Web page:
This week, we speak to Professor Mischa Dohler, Professor in Wireless Communications at King’s College London, about how young people can best harness the future of the internet technology.
You’re a world expert on 5G. What is it, and how will it affect young people’s future?
5G is the latest generation of internet technology. It is between 10 and 100 times better than 4G, meaning much lower latency – below 10 miliseconds! It mimics the feeling of being in the same room, meaning two people in two completely different parts of the world feel they are actually together!! Low latency is the cause of the most disruptive impact of 5G: connectedness. I call it “synchronised reality”, which goes far beyond our current experience of virtual reality.
How can 5G have a positive impact on the world?
Think of 5G like an internet – just with far greater impact than our existing one. In terms of specific use cases about its applications, I call the biggest opportunity the “Internet of Skills”, in which we are able to transmit skills, kinaesthetic movement and touch through networks. Imagine a plumber could fix pipes, a music teacher could teach the piano, an art teacher could teach how to paint, and an expert surgeon could conduct complex surgery – all remotely, because the network latency is so low.
I am a musician, and I work with Rob del Naja, lead singer and co-founder of Massive Attack, amongst others. I was in Berlin 2 years ago, and my daughter was singing along with me in the Guildhall at the same time… with 20 milliseconds latency. It felt as if she was with me in the room. I did a similar project with the jazz pianist Jamie Cullum, who led the world’s first 5G music lesson from his piano at the two thousand year-old Roman Amphitheatre in London, playing live with amateur musicians in Bristol and Birmingham using 5G technology from King’s College London, EE, Smart Internet Lab at the University of Bristol and Digital Catapult.
“Low latency is the cause of the most disruptive impact of 5G: connectedness. I call it “synchronised reality”, which goes far beyond our current experience of virtual reality.“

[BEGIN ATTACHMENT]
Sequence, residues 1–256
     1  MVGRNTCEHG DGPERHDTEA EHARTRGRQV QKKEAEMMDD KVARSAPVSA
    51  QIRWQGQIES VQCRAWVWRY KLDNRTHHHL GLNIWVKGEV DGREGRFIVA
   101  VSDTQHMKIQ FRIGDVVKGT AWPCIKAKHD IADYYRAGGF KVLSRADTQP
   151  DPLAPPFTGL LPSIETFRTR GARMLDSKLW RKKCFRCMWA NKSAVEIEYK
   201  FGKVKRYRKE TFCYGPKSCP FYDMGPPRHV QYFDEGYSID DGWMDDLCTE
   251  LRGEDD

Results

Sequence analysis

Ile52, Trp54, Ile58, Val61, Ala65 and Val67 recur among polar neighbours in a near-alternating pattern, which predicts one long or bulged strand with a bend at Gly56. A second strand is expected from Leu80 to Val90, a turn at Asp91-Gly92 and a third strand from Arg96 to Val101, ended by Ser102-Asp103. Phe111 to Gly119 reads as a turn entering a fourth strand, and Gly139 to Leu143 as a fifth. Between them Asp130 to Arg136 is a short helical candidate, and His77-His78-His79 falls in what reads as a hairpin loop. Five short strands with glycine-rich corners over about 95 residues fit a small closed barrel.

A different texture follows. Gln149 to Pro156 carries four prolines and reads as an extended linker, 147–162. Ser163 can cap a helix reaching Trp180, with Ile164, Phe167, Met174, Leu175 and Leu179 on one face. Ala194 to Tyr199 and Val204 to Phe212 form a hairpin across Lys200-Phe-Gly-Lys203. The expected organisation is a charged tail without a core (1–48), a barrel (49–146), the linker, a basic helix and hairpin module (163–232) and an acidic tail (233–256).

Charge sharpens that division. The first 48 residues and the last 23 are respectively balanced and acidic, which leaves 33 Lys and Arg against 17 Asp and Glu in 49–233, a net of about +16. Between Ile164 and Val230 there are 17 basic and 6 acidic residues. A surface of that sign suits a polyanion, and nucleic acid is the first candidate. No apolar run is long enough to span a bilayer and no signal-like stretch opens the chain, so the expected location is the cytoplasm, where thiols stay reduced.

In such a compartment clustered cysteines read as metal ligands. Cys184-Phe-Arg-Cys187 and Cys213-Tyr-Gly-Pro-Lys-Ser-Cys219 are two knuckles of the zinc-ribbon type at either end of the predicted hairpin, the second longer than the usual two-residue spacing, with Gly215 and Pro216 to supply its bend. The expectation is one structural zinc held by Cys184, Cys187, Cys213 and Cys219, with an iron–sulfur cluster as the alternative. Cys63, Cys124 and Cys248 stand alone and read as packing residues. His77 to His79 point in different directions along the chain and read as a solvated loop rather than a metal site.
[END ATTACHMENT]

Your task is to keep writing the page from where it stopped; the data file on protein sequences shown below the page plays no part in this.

What’s your advice for young people looking to get into tech?
Times have changed so much. The majority of learning material is online, free and accessible. I encourage young people to explore what’s out there and find a thrill in that exploration!
Why is existing tech education not working?
The pace of innovation is accelerating. When I went to school, tech was hardware, boxes… Now it’s software which is written quickly and being updated super fast. The certification of curriculum needs updating, but it takes time to get curriculum change approval and this slows us down… This means that in academic settings like King’s, we teach the fundamentals, but not the cutting edge, latest tech.
We need to move faster to keep tech education relevant and up to date. Tech curricula should look very different to what currently exists. Learning should be project-based, self-paced and self-directed – both online and in-person – and encourage creativity.
Why is our work Fire Tech so important?
Fire Tech closes a real gap in the current market. Schools and universities take care of traditional education. But that means we rely on the internet to learn something cutting edge or complex (for example, convolutional neural networks, and how to configure them). How to link concepts with practical applications is key – and Fire Tech helps make tech education relevant to the real world.
How are young people doing incredible things with technology?
I see the fire and appetite in young people to do amazing things in tech. They have no fear – they jump off the cliff and assemble the aeroplane on the way down. I offer internships to young people under the age of 18 to work in a professional environment. I explained to a group of them my vision for the Internet of Skills and told them what is possible and what is not possible… After 6 weeks they came back and having done what I’d said was impossible: they’d made a haptic tennis game that lets you play tennis across the Atlantic, in real time. Incredible! These are the silent innovators – they are not on TV or radio. They’re behind closed doors, using their own hunger to imagine the future.
How can kids harness technology to become effective digital leaders?
Kids, parents and society have to embrace new technology. History has shown that there’s no use saying no to tech, as the thrust of innovation is too strong. Electricity came along, cars… The ability to embrace it is really important. It always takes 1-2 generations for new tech to be embraced effectively. All new tech always causes issues, but we do change and adapt. We need to learn to build walls against those things that may cause harm, addiction and digital overuse. We should teach this much more, at school, and at society level.
About Mischa Dohler
Mischa Dohler is full Professor in Wireless Communications at King’s College London, driving cross-disciplinary research and innovation in technology, sciences and arts. He is a Fellow of the IEEE, the Royal Academy of Engineering, the Royal Society of Arts (RSA), the Institution of Engineering and Technology (IET); and a Distinguished Member of Harvard Square Leaders Excellence. He is a serial entrepreneur with 5 companies, including Smart Cities pioneering company Worldsensing; composer & pianist with 5 albums on Spotify/iTunes; and fluent in 6 languages. He acts as policy advisor on issues related to digital, skills and education. He has had ample coverage by national and international press and media.
Find out more: